|A Swiss lever escapement|
It is the same with a watch except that it is now the balance wheel which has to swing an equal amount left and right from it's "in beat" position - which for a Swiss Lever escapement is when the impulse jewel, balance staff and the lever pallet arbor are in alignment with the movement at rest. Its a little more complicated for an English lever with the pallet tangential to the escape wheel.
Before the advent of electro-mechanical and now computerised escapement analysers watch makers and repairers had to adjust watches to be in beat by visual alignment and listening to the movement through a type of stethoscope, it is impressive how they achieved the accuracy that they did but some errors are fairly easy to detect by listening to the watch.
This is my Waltham 1899 Riverside Maximus from 1901, the movement is 0.3 milliseconds (mSec) out of beat which at a nominal rate of 18,000 vibrations per hour (VHP) is an error of 0.17% - that is as close to perfect as you are likely to hear from a 114 year old watch so run the video to see what it sounds like.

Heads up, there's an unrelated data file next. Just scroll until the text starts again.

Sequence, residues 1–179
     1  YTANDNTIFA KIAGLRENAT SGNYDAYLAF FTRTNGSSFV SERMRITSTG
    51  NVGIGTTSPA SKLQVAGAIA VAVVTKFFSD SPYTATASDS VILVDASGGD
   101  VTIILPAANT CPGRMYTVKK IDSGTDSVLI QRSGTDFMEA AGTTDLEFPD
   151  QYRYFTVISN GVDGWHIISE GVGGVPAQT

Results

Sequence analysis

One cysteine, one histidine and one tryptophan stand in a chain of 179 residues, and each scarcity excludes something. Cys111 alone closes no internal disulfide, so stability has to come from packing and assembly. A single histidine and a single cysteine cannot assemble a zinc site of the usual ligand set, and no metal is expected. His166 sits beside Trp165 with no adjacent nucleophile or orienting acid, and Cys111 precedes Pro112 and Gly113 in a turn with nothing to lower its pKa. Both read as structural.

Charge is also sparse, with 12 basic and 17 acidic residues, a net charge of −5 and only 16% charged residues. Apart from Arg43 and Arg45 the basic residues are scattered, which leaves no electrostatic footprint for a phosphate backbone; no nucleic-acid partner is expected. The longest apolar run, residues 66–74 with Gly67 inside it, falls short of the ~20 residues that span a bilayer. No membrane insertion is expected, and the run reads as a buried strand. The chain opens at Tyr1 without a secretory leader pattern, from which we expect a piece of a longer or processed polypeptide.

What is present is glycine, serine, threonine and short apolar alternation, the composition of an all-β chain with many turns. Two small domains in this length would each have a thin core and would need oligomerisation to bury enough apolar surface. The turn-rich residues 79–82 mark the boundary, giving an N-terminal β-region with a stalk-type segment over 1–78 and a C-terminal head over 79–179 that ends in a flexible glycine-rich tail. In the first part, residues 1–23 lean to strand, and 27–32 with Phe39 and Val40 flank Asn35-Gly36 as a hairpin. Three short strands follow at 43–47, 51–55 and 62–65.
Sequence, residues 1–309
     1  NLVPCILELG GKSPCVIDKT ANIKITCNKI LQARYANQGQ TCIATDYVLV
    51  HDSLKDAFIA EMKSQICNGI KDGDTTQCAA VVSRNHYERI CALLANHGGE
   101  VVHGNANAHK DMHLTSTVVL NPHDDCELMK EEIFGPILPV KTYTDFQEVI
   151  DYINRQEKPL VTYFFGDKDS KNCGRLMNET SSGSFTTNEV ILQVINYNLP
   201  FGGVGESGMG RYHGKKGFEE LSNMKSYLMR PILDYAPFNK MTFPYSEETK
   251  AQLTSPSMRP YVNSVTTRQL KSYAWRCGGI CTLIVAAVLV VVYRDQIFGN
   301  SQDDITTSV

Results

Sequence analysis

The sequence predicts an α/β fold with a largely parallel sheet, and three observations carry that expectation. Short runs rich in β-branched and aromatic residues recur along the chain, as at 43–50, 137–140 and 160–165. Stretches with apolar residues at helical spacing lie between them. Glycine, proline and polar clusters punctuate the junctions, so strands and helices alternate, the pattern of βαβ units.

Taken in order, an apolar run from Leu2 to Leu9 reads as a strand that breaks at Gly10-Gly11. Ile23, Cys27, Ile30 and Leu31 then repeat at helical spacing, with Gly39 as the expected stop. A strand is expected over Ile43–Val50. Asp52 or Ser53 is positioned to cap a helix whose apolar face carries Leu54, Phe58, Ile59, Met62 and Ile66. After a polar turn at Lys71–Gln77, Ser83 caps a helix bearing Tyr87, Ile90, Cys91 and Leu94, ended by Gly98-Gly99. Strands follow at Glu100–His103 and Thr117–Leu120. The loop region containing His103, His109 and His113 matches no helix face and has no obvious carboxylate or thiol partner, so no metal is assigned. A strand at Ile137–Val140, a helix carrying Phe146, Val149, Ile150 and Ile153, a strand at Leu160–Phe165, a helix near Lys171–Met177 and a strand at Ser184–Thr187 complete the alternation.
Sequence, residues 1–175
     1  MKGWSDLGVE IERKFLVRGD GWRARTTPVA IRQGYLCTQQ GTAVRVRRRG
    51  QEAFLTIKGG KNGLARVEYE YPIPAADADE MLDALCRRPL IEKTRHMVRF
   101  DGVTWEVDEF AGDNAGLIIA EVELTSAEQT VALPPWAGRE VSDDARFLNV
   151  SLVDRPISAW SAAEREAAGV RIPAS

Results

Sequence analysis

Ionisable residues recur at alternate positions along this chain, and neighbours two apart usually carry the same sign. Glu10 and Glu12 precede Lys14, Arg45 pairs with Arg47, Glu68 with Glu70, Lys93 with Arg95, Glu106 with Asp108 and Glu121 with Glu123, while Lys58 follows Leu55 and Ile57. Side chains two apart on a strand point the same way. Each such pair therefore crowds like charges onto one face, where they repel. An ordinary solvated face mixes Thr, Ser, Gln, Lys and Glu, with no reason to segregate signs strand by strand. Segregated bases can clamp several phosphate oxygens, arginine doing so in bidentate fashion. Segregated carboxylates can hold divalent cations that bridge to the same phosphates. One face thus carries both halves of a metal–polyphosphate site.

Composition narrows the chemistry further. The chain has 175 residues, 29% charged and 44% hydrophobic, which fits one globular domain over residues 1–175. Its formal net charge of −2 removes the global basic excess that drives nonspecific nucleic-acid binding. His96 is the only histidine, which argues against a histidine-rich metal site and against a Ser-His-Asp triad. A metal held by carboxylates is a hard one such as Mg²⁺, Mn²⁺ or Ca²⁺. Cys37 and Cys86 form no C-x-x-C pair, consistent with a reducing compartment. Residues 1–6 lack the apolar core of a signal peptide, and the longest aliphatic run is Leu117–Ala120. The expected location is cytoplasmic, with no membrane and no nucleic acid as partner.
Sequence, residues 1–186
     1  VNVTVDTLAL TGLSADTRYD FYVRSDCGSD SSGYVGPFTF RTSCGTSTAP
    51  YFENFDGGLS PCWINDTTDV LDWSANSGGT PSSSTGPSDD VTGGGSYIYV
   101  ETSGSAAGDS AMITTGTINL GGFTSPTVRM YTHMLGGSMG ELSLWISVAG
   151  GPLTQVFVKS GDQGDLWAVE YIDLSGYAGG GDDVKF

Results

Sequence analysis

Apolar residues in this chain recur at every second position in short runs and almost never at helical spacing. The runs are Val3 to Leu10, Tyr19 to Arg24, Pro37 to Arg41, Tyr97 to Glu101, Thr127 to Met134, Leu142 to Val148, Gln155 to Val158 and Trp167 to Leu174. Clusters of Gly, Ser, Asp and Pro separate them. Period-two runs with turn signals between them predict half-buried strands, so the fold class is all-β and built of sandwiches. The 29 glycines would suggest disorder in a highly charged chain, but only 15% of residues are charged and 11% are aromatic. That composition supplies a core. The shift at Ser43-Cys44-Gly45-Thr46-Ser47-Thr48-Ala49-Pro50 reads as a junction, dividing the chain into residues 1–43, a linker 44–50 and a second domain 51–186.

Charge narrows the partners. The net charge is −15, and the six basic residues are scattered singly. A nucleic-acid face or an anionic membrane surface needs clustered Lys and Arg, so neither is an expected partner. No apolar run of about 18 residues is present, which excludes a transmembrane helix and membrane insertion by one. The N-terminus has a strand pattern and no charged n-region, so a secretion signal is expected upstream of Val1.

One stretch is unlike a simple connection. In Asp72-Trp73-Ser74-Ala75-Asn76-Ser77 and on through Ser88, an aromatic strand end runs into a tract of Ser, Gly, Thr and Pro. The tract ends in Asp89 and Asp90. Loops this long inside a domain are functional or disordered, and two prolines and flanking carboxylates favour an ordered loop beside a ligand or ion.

The next video is of a job in process and the movement is currently out of beat by 2.1 mSec or 10%, run this video and you should notice the arrhythmia.
Correcting an out of beat movement is likely to be a combination of reforming or tweaking the hairspring (in this case it needs major reshaping due to previous tampering and there is a real possibility of work hardening causing the spring to break when adjustments are made), turning the roller or preferably the hairspring collet on the balance staff to improve alignment and possibly some adjustment of the banking for fine tuning.